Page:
The dimpled smile of CK, a 17-year-old boy who lives on the streets of Phnom Penh, disappeared when he recalled what happened to him a few months ago, after he was approached by a wealthy Cambodian man as he sat on a bench at Wat Phnom.
“I was just wandering, sleeping on benches or in gardens,” he said in a recent interview. “I followed a man. He took me to his house in his luxurious car. He cooked for me and then told me to sleep in his room, upstairs. After he had sex with me, he slept, but I hurt.”
One of more than 20,000 children living and working in the streets of Cambodia’s urban centers, CK, whose name is being withheld to protect his identity, ran away from his home in Kampong Cham province because he was angry with the stepmother.
In coming to Phnom Penh, he put himself at risk to predation by Cambodian and foreign adult men who ply the streets in search of the young and vulnerable. Authorities now say they are paying more attention to the abuse of young boys as they continue to root out pedophiles.
Aid workers say the majority of Cambodia’s sexually abused boys come from the provinces. In the city, they live hand-to-mouth on menial tasks, scavenging trash piles, selling candy or cakes and begging on the streets. This poverty makes them open to exploitation.
“Pedophiles or human traffickers for sexual exploitation lure the children with money,” said Sann Udom, a program coordinator for Mith Samlanh/Friends, which helps street children. “They buy things for the children or take them out for a walk. They tell the children that they will go to tourist sites but go to a guesthouse or hotel room instead.”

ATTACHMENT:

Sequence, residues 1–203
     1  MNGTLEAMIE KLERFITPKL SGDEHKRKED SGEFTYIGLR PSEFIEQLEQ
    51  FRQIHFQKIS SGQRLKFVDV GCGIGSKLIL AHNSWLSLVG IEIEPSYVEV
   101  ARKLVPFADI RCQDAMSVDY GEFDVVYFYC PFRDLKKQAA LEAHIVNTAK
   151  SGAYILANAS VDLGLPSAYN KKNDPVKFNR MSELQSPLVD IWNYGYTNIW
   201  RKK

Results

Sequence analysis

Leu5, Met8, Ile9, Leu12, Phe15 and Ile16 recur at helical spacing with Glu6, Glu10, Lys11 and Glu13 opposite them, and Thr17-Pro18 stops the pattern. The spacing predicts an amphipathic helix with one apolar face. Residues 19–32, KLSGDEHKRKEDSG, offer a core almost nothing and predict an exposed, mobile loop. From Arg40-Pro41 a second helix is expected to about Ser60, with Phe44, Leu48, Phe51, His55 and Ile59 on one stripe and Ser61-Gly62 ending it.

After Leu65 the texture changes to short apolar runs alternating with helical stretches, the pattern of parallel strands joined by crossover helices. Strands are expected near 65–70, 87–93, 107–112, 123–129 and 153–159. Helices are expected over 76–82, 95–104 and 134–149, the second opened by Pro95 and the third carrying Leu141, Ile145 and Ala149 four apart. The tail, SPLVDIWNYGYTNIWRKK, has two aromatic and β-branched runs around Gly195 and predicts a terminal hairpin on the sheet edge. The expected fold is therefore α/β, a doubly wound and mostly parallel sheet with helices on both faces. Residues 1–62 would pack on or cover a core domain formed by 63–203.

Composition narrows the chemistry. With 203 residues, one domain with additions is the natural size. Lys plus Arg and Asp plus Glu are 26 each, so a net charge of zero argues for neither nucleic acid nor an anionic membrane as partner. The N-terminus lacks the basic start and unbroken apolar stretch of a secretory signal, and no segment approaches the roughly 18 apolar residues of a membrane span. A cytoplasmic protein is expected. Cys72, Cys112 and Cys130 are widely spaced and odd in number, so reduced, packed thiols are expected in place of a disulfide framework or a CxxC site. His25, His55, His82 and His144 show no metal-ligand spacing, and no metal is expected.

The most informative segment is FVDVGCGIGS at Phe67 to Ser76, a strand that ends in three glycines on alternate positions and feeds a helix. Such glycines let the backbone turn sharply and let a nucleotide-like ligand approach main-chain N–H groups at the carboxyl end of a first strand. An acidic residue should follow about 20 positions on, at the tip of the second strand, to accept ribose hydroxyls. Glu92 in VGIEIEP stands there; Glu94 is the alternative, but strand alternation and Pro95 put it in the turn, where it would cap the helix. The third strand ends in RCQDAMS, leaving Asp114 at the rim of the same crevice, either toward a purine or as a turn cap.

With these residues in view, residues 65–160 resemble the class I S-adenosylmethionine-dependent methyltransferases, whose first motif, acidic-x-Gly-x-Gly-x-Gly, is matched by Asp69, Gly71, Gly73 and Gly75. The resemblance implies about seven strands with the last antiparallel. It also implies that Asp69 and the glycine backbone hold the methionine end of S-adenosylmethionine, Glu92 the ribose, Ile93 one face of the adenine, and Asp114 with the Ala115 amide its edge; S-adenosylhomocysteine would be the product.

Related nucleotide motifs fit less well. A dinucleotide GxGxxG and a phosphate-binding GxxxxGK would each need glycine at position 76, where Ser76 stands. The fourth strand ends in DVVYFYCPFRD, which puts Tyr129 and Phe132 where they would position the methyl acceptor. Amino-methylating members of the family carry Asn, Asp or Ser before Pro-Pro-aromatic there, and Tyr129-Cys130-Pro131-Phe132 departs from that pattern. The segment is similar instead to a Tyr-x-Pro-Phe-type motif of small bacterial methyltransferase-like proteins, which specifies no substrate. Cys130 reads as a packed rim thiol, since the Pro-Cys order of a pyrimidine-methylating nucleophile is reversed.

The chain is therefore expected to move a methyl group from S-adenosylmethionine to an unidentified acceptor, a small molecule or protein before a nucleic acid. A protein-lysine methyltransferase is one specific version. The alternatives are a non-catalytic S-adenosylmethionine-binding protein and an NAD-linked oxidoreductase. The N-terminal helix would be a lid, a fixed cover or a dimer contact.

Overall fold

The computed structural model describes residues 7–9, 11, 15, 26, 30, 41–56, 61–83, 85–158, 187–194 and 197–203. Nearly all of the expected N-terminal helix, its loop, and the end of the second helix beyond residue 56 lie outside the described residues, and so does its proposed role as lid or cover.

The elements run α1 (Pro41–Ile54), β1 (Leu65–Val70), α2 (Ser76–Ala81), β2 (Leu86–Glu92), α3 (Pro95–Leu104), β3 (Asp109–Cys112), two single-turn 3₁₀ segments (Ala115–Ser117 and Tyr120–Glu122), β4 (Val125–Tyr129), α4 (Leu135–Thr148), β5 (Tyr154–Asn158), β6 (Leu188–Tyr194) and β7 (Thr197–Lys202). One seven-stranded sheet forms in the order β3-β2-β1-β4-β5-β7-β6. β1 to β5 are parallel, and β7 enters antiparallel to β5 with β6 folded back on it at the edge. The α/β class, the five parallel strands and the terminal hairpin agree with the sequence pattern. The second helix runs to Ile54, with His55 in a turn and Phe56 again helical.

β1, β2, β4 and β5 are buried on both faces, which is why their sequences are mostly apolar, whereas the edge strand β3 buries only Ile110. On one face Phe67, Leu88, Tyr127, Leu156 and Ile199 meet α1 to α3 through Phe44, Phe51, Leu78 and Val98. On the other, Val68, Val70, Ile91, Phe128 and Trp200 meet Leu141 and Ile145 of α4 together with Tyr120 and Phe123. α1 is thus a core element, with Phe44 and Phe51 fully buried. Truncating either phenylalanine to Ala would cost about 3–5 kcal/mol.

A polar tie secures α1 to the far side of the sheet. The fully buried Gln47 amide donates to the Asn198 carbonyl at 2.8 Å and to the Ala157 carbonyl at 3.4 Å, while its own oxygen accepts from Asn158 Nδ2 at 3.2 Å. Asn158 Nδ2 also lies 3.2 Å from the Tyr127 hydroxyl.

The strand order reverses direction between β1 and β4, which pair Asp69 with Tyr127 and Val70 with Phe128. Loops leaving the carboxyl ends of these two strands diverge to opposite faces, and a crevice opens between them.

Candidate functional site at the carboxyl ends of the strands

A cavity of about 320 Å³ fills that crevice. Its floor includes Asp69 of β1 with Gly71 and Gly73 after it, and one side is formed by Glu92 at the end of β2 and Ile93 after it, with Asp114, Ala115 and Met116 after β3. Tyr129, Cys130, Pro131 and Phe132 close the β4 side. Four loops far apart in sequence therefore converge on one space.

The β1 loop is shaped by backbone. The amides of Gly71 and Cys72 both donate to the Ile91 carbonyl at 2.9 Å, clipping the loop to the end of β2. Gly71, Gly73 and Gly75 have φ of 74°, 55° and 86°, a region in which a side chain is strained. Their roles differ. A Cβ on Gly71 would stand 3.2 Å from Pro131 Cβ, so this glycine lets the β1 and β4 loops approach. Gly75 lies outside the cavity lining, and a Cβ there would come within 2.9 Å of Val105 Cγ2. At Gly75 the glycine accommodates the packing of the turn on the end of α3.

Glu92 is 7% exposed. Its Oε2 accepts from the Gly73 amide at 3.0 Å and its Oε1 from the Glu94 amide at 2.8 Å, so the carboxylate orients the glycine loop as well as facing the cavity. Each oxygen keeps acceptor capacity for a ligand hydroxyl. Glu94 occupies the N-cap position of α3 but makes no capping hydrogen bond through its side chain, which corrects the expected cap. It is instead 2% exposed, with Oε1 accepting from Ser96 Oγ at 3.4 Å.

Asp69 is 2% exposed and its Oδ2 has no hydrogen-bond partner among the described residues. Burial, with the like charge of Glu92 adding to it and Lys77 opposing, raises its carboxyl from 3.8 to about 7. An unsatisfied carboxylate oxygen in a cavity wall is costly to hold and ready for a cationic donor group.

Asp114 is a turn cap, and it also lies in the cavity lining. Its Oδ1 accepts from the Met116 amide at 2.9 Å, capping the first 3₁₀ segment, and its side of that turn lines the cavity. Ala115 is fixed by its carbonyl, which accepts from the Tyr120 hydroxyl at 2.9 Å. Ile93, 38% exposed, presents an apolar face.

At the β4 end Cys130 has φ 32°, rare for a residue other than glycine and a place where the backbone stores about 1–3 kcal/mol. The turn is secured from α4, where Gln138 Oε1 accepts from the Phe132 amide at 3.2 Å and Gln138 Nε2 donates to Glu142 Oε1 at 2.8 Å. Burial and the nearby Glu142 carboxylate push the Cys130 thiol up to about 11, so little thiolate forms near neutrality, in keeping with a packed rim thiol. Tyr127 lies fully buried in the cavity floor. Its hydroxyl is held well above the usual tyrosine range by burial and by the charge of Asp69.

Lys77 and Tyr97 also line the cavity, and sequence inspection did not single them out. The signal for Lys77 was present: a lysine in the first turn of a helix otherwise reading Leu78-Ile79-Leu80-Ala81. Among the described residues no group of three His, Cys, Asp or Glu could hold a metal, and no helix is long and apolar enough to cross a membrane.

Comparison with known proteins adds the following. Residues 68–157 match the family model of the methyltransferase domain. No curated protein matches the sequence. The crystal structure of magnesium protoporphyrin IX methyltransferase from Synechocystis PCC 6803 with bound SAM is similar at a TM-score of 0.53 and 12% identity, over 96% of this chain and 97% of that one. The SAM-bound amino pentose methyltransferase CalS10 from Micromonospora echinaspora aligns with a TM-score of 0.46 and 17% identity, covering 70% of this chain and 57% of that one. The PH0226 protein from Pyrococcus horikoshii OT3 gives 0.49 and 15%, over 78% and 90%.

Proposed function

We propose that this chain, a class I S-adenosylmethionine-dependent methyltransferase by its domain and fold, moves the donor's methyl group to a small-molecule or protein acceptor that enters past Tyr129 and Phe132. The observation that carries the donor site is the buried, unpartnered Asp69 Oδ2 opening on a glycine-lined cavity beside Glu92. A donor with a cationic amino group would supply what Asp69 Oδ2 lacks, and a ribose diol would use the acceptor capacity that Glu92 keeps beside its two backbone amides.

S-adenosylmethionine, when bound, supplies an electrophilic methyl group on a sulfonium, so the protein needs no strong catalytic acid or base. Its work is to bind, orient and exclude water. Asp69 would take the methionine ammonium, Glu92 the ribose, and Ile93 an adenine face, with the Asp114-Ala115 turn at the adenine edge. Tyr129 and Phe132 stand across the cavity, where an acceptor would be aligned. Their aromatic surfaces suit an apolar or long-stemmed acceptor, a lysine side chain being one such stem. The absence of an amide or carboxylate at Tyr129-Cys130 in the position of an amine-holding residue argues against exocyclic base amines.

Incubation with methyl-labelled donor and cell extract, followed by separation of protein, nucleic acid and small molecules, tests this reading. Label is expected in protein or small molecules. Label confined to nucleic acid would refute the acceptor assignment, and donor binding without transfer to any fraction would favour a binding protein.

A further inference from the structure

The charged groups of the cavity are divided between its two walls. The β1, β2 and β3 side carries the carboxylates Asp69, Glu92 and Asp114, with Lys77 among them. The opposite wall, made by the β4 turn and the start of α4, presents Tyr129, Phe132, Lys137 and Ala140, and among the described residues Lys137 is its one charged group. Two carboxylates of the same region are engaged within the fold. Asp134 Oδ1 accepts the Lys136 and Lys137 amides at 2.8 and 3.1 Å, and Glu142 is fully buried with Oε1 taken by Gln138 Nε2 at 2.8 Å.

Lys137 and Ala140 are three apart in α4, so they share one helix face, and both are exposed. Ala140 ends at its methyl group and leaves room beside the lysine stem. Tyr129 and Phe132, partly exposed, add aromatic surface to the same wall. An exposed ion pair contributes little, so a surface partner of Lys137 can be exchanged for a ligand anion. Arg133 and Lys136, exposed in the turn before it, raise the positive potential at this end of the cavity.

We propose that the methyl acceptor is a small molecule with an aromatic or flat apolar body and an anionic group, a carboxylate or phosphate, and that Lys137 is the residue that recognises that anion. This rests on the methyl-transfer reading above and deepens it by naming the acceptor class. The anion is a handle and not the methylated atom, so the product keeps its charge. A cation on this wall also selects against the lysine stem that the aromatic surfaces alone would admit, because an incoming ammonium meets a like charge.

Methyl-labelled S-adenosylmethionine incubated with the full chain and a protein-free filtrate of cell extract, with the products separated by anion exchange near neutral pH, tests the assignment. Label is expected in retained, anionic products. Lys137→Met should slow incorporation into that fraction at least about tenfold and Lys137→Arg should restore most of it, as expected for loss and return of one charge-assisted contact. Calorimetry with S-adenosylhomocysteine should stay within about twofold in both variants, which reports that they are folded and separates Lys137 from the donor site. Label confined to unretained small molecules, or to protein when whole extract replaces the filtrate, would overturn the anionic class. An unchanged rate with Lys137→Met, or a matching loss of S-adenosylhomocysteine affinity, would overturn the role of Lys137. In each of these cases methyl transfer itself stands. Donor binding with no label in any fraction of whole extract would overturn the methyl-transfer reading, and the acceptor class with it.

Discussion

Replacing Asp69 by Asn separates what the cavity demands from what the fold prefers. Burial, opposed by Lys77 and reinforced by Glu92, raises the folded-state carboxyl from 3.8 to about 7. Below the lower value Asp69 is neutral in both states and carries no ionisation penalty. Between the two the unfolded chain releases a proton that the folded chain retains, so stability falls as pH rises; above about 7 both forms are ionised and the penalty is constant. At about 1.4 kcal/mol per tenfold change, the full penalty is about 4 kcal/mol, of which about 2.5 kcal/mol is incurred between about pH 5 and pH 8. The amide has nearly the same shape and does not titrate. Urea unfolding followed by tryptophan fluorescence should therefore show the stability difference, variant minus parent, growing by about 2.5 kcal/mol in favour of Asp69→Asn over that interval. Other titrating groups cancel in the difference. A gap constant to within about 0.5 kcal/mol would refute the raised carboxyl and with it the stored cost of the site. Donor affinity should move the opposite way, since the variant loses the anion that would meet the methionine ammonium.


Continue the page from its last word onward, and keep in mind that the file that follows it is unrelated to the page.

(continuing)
Some of these men even pay for the education of the children, he said.
Cambodian boys are most vulnerable in heavy tourist areas of Phnom Penh, Sihanoukville and Siem Reap. The organization World Vision estimates that 15 percent of boys living on the streets will be sexually abused before they are 10 years old.
Pe Vannak, a senior researcher for the rights group Licadho, said he received 108 sexual abuse cases against boys between January and September this year, a rise of about 4 percent compared to the year before. One boy was raped by a woman, he said.
“However, these are just the cases we have received and worked on,” he said. There are many cases that go unreported to police or courts.
“They may see that the current courts cannot provide justice for them,” Pe Vannak said. “In addition, they are too poor and live too far away from the city to file complaints.”
Protection will require commitment from the government and the public to strengthen law enforcement and eliminate impunity within the judiciary, he said.
Sexual abuse of a child can include physical abuse, as well as mental anguish, said psychiatrist Mony Sothara, head of the mental health section of Phnom Penh’s Preah Kosamak hospital.
“Because of the abuse, a boy may get confused over his own identity,” Mony Sothara said. “As a long-term effect, he may have a personality disorder.”
Cambodia has long been viewed as a safe haven for pedophiles, foreign and local. Authorities made 109 arrests of suspected pedophiles from January to September, including the arrests of seven foreigners. Four of them were arrested on suspicion of abusing boys.
However, authorities have traditionally overlooked the abuse of boys, said Lt. Gen. Bit Kim Hong, head of the Ministry of Interiors anti-trafficking department.
“Before we just focused on girls,” he said. “If we saw a foreigner walking hand-in-hand with a boy, we thought it was normal. But now we the authorities have focused on the protection of both boys and girls.”